View back to Lake Constance from the slopes of Waiau Pass (1870m)

The start of the descent on the south side of Waiau Pass (1870m). This descent includes a short scramble a bit further down.

The start of the descent on the south side of Waiau Pass (1870m). This descent includes a short scramble a bit further down.

Following the 4WD along the Waiau River

Following the 4WD along the Waiau River

Following the 4WD along the Waiau River

Following the 4WD along the Waiau River

Following the 4WD along the Waiau River

Following the 4WD along the Waiau River

The Te Araroa connects to the Saint James Walkway, which guides me to the Boyle River Outdoor Education Centre – where I pick up my first food drop. My last 4 days on the Te Araroa are on the Harper Pass track, a historical crossing of the main divide through the green Hurunui and Taramakau valleys.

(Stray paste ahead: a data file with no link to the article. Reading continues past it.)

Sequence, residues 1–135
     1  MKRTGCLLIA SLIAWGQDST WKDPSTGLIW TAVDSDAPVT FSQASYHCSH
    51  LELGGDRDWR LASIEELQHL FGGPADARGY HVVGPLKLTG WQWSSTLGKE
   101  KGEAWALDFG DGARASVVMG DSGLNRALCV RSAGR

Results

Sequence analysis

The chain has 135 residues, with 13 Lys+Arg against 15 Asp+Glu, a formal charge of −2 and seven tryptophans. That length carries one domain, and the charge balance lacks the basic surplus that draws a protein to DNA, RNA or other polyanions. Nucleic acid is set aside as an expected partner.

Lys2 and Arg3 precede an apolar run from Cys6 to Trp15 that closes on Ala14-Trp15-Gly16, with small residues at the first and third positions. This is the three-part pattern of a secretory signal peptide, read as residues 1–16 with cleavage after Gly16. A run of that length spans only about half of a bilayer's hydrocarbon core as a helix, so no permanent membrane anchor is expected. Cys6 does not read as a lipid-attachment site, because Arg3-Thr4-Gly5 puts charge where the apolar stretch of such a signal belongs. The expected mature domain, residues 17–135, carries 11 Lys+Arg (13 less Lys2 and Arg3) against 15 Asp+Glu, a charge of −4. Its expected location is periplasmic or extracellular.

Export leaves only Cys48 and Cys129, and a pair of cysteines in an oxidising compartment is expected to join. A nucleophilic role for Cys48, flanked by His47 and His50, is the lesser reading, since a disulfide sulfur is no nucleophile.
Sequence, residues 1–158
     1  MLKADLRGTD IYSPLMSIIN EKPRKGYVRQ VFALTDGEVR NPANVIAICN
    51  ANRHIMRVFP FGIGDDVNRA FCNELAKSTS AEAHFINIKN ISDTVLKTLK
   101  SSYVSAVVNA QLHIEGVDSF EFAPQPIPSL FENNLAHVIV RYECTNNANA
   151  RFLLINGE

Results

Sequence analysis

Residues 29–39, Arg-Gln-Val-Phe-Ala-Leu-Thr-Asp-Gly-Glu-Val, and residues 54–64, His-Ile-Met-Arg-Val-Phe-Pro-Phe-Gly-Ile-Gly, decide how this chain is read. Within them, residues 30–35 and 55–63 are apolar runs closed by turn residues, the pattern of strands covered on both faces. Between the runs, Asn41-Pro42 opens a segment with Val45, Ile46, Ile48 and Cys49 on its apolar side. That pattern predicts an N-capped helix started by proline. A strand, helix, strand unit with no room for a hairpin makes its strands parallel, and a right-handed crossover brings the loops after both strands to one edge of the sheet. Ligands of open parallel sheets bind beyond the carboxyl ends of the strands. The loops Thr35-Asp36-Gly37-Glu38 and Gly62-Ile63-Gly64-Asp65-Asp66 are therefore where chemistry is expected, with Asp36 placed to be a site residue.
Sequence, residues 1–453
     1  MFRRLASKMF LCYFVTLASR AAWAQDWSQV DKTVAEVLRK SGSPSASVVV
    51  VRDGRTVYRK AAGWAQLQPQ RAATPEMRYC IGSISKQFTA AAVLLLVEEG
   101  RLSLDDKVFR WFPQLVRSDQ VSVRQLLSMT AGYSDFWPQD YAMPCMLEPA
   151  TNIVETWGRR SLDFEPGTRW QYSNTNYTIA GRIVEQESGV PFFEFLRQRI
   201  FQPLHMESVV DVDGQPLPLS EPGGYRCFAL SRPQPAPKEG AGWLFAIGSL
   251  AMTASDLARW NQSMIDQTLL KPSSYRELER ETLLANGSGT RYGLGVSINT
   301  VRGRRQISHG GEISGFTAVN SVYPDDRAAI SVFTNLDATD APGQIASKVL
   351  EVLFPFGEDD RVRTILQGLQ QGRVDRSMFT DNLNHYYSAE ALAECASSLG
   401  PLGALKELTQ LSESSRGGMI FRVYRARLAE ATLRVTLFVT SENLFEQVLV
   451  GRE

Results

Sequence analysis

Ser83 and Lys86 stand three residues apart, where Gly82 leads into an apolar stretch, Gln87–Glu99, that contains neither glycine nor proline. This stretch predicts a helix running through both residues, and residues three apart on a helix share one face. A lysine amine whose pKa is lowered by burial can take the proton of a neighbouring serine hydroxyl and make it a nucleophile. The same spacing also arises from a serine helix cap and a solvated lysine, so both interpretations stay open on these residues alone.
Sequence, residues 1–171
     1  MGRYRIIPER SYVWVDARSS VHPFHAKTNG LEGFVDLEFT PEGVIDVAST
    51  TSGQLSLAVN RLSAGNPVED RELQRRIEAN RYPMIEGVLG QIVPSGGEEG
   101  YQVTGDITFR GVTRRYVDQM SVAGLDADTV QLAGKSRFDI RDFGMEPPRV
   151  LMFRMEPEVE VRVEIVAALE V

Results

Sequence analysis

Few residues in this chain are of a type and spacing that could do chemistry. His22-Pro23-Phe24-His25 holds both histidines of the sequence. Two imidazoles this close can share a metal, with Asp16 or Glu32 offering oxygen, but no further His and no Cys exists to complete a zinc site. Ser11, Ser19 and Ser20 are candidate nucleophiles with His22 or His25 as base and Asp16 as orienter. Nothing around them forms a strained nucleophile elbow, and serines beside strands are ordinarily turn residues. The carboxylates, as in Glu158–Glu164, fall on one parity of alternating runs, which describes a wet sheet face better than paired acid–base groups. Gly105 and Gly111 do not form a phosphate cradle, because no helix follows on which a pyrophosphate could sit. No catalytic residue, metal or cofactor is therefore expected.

Hope Kiwi Valley

Hope Kiwi Valley

Cow skull in the Hope Kiwi Valley

Cow skull in the Hope Kiwi Valley

Most of the Harper Pass Track is an easy stroll with little altitude differences. This is a view back from near Kiwi Saddle while crossing to Lake Sumner on my birthday

Most of the Harper Pass Track is an easy stroll with little altitude differences. This is a view back from near Kiwi Saddle while crossing to Lake Sumner on my birthday

Morning break near Lake Sumner

Morning break near Lake Sumner

All huts in NZ have a so-called 'intentions book' where you write down your personalia and plans for the next few days.

All huts in NZ have a so-called ‘intentions book’ where you write down your personalia and plans for the next few days.

The Hurunui no.3 hut, one of the cozy standard huts along the Harper Pass Track. This was one of the hottest days of the trip, with temperatures over 30 degrees.

The Hurunui no.3 hut, one of the cozy standard huts along the Harper Pass Track. This was one of the hottest days of the trip, with temperatures over 30 degrees.